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British Championship

Viewpoint: Tommy Searle

The two-time British champion speaks out.



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Tommy Searle’s season came to an end at the final round of the 2019 Maxxis British Championship this past weekend. Searle wrapped things up in the best way possible too, as he clinched the MX1 title in the domestic series. That is covered in this exclusive MX Vice interview as well as injuries, the future and the Motocross of Nations.

MX Vice: You won the title, which obviously you expected to do. Anything less than that would have been a disappointment. Considering the shoulder injury and stuff like that, it’s got to be good to just get this one locked up?

Tommy Searle: Yeah. To start off with I thought it [Landrake] was a couple of weekends before Turkey and China. When it was not that weekend, I was like, “Oh no! I’ve got to get through these two races.” Then I hurt myself in Turkey, and actually quite bad. I couldn’t lift my shoulder the first week. Even this time last week I was thinking, “I have no chance.” I got an MRI and saw the shoulder specialist and they said, “You just bruised your shoulder.” I went home for a couple of days and I called them a couple of days later and said, “There is no way my shoulder is bruised.”




I thought, “That’s it. Career is over. I can’t even lift it.” Every time I lifted it it just fell back down. It just started getting better quite quickly. I rode a little bit of enduro one day this week. Then I didn’t really know how I was going to fair, but it wasn’t too bad out there. I could get around and go a sensible speed. The track was pretty easy. It was quite technical but easy in a way where it was not too jolty on your arms. You were not hanging off the bike. You were just riding the track. I’m happy to get it done.  

I wanted to get it done in the first race, because we weren’t sure on the weather. Overall, I’m really happy. The team – Matt [Hutchins] at Evotech and Nige – they have done a great job. We have had a small team with how it’s been this year in the British Championship, but we have not had one problem with the bike all season. I could not have asked for a better group of people around me. I had never worked with them before this season. I owe a lot of this whole championship to them, really.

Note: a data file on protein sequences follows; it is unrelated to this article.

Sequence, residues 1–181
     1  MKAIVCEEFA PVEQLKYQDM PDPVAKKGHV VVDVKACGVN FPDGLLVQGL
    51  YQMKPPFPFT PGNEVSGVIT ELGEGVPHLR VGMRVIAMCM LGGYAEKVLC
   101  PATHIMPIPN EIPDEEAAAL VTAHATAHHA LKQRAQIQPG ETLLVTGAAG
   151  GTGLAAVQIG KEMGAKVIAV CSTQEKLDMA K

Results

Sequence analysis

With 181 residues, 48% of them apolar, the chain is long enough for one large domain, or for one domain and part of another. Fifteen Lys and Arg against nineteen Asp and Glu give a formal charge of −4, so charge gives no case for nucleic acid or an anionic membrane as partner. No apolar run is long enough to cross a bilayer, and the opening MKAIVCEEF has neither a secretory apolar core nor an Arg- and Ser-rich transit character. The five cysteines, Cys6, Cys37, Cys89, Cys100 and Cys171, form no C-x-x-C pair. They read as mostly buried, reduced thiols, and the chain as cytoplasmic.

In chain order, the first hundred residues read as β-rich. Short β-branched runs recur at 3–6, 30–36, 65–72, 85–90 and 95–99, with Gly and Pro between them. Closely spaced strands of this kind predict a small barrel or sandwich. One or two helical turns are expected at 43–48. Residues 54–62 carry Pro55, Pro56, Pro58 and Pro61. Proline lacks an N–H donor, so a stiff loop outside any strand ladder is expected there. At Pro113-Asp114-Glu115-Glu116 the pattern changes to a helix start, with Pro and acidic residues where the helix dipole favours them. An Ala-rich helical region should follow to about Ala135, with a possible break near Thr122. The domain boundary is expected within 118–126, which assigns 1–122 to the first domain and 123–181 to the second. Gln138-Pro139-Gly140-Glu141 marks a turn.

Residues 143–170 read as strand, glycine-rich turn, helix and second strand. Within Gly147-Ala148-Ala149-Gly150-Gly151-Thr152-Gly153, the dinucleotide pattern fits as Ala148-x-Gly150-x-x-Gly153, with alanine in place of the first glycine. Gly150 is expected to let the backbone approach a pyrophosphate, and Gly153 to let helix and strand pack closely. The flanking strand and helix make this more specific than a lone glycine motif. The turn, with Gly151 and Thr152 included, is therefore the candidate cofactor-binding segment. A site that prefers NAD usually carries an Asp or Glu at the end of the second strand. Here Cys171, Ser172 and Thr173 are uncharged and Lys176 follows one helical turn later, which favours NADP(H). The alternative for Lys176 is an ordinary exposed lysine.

Shaun [Simpson]’s bike broke twice in one round and I’m not silly. I know that’s the reason why he lost the championship. I’ve been fighting injuries the last half of the season, so I’ve sort of been doing what I can do to bring it home. I’ve been in the championship where I’ve almost won it and had bike problems two other times on the 250 [2006 and 2007]. It is what it is. Injuries, bike problems… It’s not easy to win a championship. At the British Championship – with how many GPs we have as well – just being healthy for every round is quite hard. 

How does this one compare to the first one in 2016? Obviously this one has come from a rough old road with switching teams and all sorts of drama. 

It’s quite difficult. Obviously to win the British Championship is good. It’s nice. In 2016 it was better, because it was quite close between me and Shaun. I remember the last round… I think we ended up one point apart. That was a lot better to win it that way, more of a fight to the end. This one I sort of knew I’d won it unless I really threw it away, which I almost did a couple of weeks ago. We got through that.

It was just one of those things where you don’t want to do anything stupid, and just get through the day. It’s obviously really nice to win. More so for Matt and Evotech, because they were racing with Steven Lenoir the year he died. They were leading the championship with Steven and it means a lot to them to win this.




That’s enough about the British Championship. Turkey when you crashed, was it a gnarly crash or did you just fall on the shoulder wrong?

It was quite bad in the end. A little crash, but just the way I landed was really awkward. There was a small single into a turn. It was warm-up and I caught the rut. The gear shifter must have caught the rut on the take-off and then I was in neutral as I landed. I went over the front, then sort of flipped and landed on my shoulder. It was just a real awkward crash and as soon as I had done it, I was just there like, “I can’t lift my arm up.” The team said that they would just tape it up.  

I just said, “Look, there is no point in taping it. I cannot even lift it up. It’s impossible for me to ride the bike.” It was just one of those. Just frustrating. I’ve been in the situation so many times where I’ve been riding with injuries. I rode with my broken ribs in Czech, crashed because of that and broke my hand. Then I was trying to come back with that. When you are trying to race those tracks at that level and you are not one hundred percent all you end up doing is hurting yourself again, which I have done. I’ve had three injuries all through trying to race.